Only a few weeks ago, dear reader, we were wallowing in the midst of the most glorious Easter vac. Long, heady spring days. The burning of tute notes on ceremonial pyres. The joys of avoiding family reunions. And only the faint chance of freak snowfall in mid-Easter. But alas, summer’s lease hath all too short a date, and the long days of library confinement are drawing in. But at least we can all ride on into the valley of Trinity (essays to the left of us, essays to the right of us) knowing we are all refreshed from our long, relaxed Easter break.

At least, my rejuvenated, happy reader, that’s how most people spent their break. But I have to tell you, as you sit here reading this whilst probably sipping a steaming mug of peppermint tea or simply admiring your perfect, smooth skin as it glows with renewed health, that my vac was despairingly different. I have spent the last two weeks chained to a desk at college, doomed to phone grumpy alumni and explain to old women why the we ‘really do need your support’- all whilst forlornly watching children and golden Labradors frolic on the lawns outside without a care in the world. For I, fool that I was, signed up to the college phone campaign.

Now, I accept that I may be exaggerating the trauma of all this slightly. The pain of having to watch all your friends have fun on their vac whilst you phone old people who happened to go to your college is tempered by the frankly ridiculous pay-check you receive at the end of it all. But the truth remains that, as the Oxford streets fill up with excited freshers naively stepping into their third term without an inkling of the prelims horrors that await them, that you can spot those who did the phone campaign by the bags under their eyes and that haggard, haunted look as they studiously avoid mobile phones.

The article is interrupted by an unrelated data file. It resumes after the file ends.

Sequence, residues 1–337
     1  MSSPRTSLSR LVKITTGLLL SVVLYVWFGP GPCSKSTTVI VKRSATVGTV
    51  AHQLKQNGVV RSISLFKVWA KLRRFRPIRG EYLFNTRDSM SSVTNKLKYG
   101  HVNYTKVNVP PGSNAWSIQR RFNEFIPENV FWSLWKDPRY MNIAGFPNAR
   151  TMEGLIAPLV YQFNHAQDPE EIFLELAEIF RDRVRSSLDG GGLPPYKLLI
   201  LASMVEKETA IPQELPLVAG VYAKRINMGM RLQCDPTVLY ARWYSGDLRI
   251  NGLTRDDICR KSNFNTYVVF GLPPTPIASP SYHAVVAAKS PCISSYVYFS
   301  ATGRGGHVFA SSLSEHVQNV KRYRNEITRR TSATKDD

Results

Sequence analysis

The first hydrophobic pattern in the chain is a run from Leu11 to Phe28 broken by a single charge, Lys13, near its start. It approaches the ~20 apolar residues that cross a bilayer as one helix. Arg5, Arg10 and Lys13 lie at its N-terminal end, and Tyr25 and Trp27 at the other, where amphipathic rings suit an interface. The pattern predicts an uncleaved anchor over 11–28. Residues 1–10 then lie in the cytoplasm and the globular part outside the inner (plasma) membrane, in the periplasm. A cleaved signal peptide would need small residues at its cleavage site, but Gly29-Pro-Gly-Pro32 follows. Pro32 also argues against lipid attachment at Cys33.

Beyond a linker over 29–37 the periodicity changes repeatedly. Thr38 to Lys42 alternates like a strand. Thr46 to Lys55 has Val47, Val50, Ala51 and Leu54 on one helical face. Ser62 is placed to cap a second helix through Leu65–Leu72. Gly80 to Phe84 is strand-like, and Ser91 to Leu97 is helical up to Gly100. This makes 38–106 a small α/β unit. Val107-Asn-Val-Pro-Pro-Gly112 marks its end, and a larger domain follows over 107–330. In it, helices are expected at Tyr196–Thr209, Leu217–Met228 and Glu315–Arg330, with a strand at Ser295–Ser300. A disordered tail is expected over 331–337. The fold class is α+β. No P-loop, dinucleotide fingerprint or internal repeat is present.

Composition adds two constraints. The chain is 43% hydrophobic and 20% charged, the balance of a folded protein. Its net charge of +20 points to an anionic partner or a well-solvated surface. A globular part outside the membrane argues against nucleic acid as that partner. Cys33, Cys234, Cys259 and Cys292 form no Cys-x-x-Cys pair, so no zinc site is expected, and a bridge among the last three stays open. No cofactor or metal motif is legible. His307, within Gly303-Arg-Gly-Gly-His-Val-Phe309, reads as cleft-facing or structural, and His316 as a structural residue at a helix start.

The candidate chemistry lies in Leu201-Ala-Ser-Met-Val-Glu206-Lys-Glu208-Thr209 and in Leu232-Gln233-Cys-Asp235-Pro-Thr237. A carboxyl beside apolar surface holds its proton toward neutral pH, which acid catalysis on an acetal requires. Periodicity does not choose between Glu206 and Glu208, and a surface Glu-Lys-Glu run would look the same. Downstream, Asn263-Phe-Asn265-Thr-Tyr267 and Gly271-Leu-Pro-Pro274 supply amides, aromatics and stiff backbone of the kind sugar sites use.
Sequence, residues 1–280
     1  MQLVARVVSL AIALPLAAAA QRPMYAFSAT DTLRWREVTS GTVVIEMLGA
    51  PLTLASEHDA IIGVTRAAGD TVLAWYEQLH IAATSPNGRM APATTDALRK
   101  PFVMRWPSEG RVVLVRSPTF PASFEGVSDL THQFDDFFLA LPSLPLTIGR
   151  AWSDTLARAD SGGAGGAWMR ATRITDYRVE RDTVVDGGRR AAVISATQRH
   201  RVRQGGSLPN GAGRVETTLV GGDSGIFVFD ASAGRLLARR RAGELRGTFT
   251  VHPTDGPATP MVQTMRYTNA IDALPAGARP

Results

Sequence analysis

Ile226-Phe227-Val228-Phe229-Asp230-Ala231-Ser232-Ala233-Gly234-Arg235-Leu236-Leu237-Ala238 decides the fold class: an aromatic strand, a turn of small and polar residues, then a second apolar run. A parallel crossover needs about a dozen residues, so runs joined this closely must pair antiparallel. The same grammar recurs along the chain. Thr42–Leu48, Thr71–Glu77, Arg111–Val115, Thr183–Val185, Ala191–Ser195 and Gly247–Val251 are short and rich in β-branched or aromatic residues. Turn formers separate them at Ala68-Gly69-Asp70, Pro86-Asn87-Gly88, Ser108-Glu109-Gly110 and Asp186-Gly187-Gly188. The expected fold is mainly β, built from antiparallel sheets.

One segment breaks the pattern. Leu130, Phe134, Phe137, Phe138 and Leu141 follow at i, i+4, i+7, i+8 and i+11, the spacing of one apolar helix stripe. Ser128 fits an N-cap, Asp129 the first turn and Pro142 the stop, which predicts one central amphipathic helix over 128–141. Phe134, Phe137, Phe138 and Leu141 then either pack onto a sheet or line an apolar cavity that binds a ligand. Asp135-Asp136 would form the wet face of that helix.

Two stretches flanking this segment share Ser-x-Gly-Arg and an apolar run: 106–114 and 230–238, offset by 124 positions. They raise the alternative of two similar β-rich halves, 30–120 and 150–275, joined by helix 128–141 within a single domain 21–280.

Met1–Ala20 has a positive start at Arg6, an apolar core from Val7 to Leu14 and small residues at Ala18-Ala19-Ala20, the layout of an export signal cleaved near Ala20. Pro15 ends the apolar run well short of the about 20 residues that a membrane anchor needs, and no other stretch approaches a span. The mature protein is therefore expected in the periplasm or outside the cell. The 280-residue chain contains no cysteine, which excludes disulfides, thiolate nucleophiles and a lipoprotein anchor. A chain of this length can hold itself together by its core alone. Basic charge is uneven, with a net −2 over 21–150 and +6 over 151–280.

Whilst in the midst of this horrific phone marathon, I stumbled upon this translation by Seamus Heaney (that eternal staple of the A-Level syllabus) of an earlier poem by Baudelaire. Baudelaire’s poem discusses an anatomy engraving of a human skeleton leaning nonchalantly on a shovel, taken from Andreas Vesalius’s anatomy textbook On the Fabric of the Human Body (1543). Heaney cleverly adapts Baudelaire’s message to address the sectarian violence stalking the streets of Belfast and, more importantly, to the question of how – or whether – poetry can deal with it. Now, whilst not comparing my college phone campaign to the Irish Troubles of the 1970s (there were very few petrol bombs planted in the JCR), I couldn’t help but sympathise with this poem’s sentiment slightly. So whilst you gambol happily through 0th week, spare a thought for us poor veterans of the college telephone campaigns. We’ll be curled up under a Bodleian desk somewhere still sleeping it off.

The Digging Skeleton by Seamus Heaney

after Baudelaire

I

You find anatomical plates
Buried along these dusty quays
Among books yellowed like mummies
Slumbering in forgotten crates,

Drawings touched with an odd beauty
As if the illustrator had
Responded gravely to the sad
Mementoes of anatomy –

Mysterious candid studies
Of red slobland around the bones.
Like this one: flayed men and skeletons
Digging the earth like navvies.

II

Sad gang of apparitions,
Your skinned muscles like plaited sedge
And your spines hooped towards the sunk edge
Of the spade, my patient ones,

Tell me, as you labour hard
To break this unrelenting soil,
What barns are there for you to fill?
What farmer dragged you from the boneyard?

Or are you emblems of the truth,
Death’s lifers, hauled from the narrow cell
And stripped of night-shirt shrouds, to tell:
“This is the reward of faith

In rest eternal. Even death
Lies. The void deceives.
We do not fall like autumn leaves
To sleep in peace. Some traitor breath

Revives our clay, sends us abroad
And by the sweat of our stripped brows
We earn our deaths; our one repose
When the bleeding instep finds its spade.”